Just a few minutes’ walk from Prague Castle, the monumental Černín Palace stands out in Hradčany’s Loreto Square. Built in the 17th and 18th centuries as the residence of the Černín aristocratic family, the Baroque palace now houses the Foreign Ministry of the Czech Republic. But the history of the largest of Prague’s Baroque palaces has seen more than politics – it has witnessed ambition, corruption and even a mystery death.
This week marks exactly 100 years since the death of Josef Hlávka, an architect, builder and the biggest Czech philanthropists of all time. This year, it has been 104 years since Hlávka established a foundation in support of education, science and art. When he died, he bequeathed all his property to the foundation. It was probably the only case in Czech history that someone left his entire fortune to charity. Yet, nowadays, many people don’t even know who Josef Hlávka was.
Monday marks the 60th anniversary of the mysterious death of Jan Masaryk, foreign minister of Czechoslovakia in the 1940s and son of the country’s founder and its first president Tomáš Garrigue Masaryk. On the morning of March 10, Jan Masaryk’s body was found in the courtyard of Černín Palace, the seat of the Foreign Ministry. To this day his tragic death remains unexplained and is one of the great mysteries of modern Czech history.
Just a few years ago the Jewish Museum in Prague launched its Lost Neighbours project, aiming to piece together the stories of forgotten Czech Jews persecuted by the Nazis in the Holocaust. The project, most unusually, brings together stories recorded and researched not by journalists or professional historians, but by elementary and secondary school students, with the aim of helping young people learn firsthand about what happened sixty years ago.
This week in Mailbox: the beneficial properties of sea water once again, the Barrandov film studios in Prague, an Oscar for Czech musician Markéta Irglová, the 30th anniversary of Czech cosmonaut Vladimír Remek’s flight into space. Listeners quoted: Robert Fraser, Howard Barnett, Stephen Hrebenach, Thomas Kuca.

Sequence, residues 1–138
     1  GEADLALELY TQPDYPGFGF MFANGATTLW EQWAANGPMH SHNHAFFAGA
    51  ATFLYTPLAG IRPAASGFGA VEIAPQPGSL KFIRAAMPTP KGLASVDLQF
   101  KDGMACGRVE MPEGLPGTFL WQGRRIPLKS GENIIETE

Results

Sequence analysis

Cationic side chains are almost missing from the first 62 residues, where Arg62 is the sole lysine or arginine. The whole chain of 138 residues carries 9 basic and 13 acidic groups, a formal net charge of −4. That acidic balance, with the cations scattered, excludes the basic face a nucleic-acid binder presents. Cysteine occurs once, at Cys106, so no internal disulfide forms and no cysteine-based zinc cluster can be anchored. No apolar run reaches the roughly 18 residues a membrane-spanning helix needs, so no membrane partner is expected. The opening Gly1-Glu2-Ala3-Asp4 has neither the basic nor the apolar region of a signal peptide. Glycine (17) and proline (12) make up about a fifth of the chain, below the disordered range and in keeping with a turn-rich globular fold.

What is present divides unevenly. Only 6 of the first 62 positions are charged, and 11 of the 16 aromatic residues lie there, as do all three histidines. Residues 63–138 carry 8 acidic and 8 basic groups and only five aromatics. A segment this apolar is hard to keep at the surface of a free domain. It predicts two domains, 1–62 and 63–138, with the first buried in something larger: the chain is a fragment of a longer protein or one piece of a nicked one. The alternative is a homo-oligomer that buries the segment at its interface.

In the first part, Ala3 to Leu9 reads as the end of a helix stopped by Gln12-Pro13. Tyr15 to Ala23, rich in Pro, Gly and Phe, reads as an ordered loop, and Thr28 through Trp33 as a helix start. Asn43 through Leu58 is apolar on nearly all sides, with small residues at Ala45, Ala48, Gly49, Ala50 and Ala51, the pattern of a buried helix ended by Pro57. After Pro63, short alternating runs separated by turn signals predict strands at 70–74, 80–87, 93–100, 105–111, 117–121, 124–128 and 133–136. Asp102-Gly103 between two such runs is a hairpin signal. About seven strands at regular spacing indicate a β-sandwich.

The six months leading up to the German occupation of Bohemia and Moravia in March 1939 were a strange period. After Germany, Poland and Hungary had annexed over a quarter of the country’s territory as a result of the Munich Agreement in September 1938, it was hard to see how the rump Czechoslovakia – the so-called “Second Republic” - could keep going. But Radio Prague’s shortwave broadcasts continued, and not surprisingly they focused on sustaining the much shaken international confidence in the country. Here is the famous Czech professor and scholar
Thirty years ago Vladimír Remek became the first man in space who was not from either the United States or the Soviet Union. Remek became a hero not in only in his native Czechoslovakia but throughout the Eastern Bloc after taking part in an eight-day Soviet space mission in March 1978. The former cosmonaut spoke to me about his memories of that historic flight – and the propaganda which accompanied it
Czech Prime Minister Mirek Topolánek awarded Milan Paumer, the third member of the so-called Mašín group, with a medal of honour on Tuesday. Last week, during a trip to Washington, Mr Topolánek broke one of the greatest Czech taboos by awarding medals to the two Mašín brothers, who along with Milan Paumer and two other anti-Communist fighters made a daring escape from Czechoslovakia in 1953, killing six armed men in the process. For decades the group were demonised by Communist propaganda, and Czechs are still deeply divided over the legitimacy